Implementing Marching Squares
Jacob Zelko
by Jacob Zelko
14 min read

Tags

  • julia
  • algorithms
  • topography

Naive Implementation of the Marching Algorithm for topography and 2D Graphics!

One day, I was examining topoplots created from popular libraries like MATLAB’s EEGLAB and Python’s MNE program for processing and visualizing EEG data. I think the plots are beautiful and can be quite informative as shown from Mikołaj Magnuski’s example in MNE-Python:

However, what was curious to me was how to make the boundaries one can see in the above image between the different color gradients. I chatted with my friend and fellow programmer Ole Kröger about this and he explained this was accomplished via an algorithm called Marching Squares. So, naturally, I had to figure out how to implement this for myself!

If you find this blog post useful, please consider citing it:

Jacob Zelko. Implementing Marching Squares. December 1st, 2020. http://jacobzelko.com

What Is the Marching Squares Algorithm?

A simplified explanation of the marching squares algorithm is that it can be thought of as a way of visually separating data based on a user defined threshold. This data takes the form of a 2D array and the threshold is used to filter each value in this array to either a \(0\) if it does not reach the threshold or \(1\) if it meets or exceeds the threshold. Each \(2 \times 2\) square in the provided grid creates a cell that will be used for creating the boundaries around thresholded values.

Following this simplified explanation, lets get to implementing the algorithm! I always find explanations easier to understand after seeing the full implementation. :smiley:

Implementing Marching Squares!

All I See Are :one:’s and :zero:’s!

To start, we need some data! I went ahead and created this \(10 \times 10\) grid that has a threshold applied to it to make it hold only \(1\)’s and \(0\)’s. We will be using the following array of values in this post:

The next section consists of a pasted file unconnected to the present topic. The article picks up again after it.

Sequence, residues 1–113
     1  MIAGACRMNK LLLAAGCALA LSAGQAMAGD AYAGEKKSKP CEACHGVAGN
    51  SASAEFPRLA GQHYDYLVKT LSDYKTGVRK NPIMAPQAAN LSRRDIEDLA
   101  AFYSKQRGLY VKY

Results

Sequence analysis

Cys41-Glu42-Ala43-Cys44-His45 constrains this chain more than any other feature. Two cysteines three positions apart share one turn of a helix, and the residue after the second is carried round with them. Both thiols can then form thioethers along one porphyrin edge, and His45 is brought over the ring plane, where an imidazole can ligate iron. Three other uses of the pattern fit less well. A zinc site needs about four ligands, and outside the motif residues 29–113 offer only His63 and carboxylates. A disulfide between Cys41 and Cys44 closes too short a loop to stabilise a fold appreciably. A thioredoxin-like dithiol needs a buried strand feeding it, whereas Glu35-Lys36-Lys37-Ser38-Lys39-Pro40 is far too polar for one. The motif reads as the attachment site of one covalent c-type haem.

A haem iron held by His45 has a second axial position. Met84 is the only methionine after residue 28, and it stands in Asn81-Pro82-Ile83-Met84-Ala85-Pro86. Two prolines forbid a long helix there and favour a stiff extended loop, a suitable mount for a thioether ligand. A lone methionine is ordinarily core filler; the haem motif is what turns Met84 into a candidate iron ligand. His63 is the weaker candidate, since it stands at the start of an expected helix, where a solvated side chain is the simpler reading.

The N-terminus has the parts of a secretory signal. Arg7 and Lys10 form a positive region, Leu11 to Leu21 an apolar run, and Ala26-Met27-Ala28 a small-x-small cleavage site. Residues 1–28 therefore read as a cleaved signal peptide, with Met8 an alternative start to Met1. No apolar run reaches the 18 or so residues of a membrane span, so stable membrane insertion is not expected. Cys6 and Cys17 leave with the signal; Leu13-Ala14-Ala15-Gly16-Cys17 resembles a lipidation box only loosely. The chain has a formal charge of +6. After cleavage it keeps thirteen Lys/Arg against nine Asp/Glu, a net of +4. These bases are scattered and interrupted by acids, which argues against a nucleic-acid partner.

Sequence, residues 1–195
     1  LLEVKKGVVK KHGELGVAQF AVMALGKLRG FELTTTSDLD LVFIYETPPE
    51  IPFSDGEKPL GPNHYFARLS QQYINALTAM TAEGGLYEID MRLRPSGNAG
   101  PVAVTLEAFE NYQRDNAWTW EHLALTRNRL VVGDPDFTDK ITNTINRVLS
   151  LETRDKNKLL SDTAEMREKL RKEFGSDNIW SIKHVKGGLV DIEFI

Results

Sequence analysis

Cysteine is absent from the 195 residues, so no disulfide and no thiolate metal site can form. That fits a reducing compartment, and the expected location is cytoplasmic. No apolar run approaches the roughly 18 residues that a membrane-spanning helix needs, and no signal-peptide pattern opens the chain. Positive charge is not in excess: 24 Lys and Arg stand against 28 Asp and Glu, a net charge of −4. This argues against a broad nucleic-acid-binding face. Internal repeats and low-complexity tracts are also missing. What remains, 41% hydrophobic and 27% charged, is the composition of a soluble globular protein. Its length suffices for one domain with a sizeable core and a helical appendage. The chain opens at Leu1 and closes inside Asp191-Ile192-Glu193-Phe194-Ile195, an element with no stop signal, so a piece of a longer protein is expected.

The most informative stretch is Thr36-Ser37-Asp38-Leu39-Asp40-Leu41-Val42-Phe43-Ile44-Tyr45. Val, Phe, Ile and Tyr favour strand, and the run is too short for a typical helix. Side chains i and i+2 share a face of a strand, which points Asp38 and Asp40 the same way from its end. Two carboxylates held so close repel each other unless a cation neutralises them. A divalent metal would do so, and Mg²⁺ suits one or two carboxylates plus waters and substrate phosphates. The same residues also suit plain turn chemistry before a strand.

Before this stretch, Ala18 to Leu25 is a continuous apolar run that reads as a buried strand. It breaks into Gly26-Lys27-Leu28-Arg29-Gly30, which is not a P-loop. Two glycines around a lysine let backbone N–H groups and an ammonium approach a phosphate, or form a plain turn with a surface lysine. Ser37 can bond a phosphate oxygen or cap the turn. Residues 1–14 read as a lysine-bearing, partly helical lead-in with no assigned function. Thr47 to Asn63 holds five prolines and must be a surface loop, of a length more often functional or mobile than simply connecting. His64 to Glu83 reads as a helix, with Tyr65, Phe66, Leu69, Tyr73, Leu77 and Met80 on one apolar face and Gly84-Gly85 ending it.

10 × 10 Array{Int64,2}:
 0  1  1  0  0  0  1  0  1  0
 0  1  1  0  1  0  0  1  0  0
 0  0  1  1  0  1  1  1  0  0
 0  0  0  1  1  0  1  1  1  0
 0  0  1  0  0  1  0  1  0  0
 0  0  1  1  1  1  0  1  1  0
 0  0  0  1  0  0  1  0  0  0
 1  1  1  0  0  1  0  0  0  0
 0  0  1  0  0  1  1  1  0  1
 0  1  1  0  1  1  0  0  0  1

Visualizing a Grid Using Luxor.jl :beetle:

To process this information and implement the algorithm, we need a way to actually visualize these values. Thankfully, fellow Julia developer, Cormullion, created a wonderful visualization library called Luxor.jl that allows us to do just that! One can add Luxor.jl to your Julia REPL by typing ]add Luxor. After that, let’s start with making our script!

First, let’s use Luxor and create a function that defines our background:

using Luxor

function make_drawing(width, height, img_path, bkg_color, origin_p)
    d = Drawing(width, height, img_path)
    background(bkg_color)
    origin(Point(0, 0))
    return d
end

make_drawing creates a Drawing object that we will then draw our future lines and shapes! It requires you to specify the dimensions of your drawing, where to save the image, the background color, and an origin. Upon execution, it gives you back the Drawing object ready for additional shapes to be drawn on it.

NOTE: What is an “origin” in Luxor?

By default, Luxor assumes you want to draw everything based off the center of the Drawing’s given dimensions. To change the origin, we supply a Point from Luxor to Luxor’s function, origin.

Perfect! Now that we have our drawing created, let’s get to work actually showing our values.

I think the best way is to show \(1\)’s as black balls and \(0\)’s as white balls. To do this, let’s create another function for our script:

function draw_balls(drawing, grid)
    nrows, ncols = size(grid)
    step_x = drawing.width / (ncols - 1)
    step_y = drawing.height / (nrows - 1)
    circ_scale = min(nrows, ncols) / max(nrows, ncols)
    points = Array{NamedTuple}(undef, nrows, ncols)
    for i = 1:nrows
        for j = 1:ncols
	    grid[i, j] == 0 ? sethue("white") : sethue("black")
            pos = Point(step_x * (j - 1), step_y * (i - 1))
            circle(pos, 7.5 * circ_scale, :fill)
	    points[i, j] = (x = pos.x, y = pos.y, val = grid[i, j])
        end
    end
    return points
end

There is a lot happening in this new function! Let’s examine the draw_balls function step by step to understand it.

First, there is a bit of initialization that occurs before we get to actually drawing the balls - let’s start here!